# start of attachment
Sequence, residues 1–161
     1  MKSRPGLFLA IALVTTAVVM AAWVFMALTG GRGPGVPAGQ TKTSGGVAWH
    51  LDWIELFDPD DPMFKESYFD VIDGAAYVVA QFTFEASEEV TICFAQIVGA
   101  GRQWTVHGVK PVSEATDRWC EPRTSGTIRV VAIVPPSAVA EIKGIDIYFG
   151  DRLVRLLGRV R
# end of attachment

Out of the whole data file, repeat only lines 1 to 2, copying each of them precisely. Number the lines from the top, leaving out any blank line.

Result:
Sequence, residues 1–161
     1  MKSRPGLFLA IALVTTAVVM AAWVFMALTG GRGPGVPAGQ TKTSGGVAWH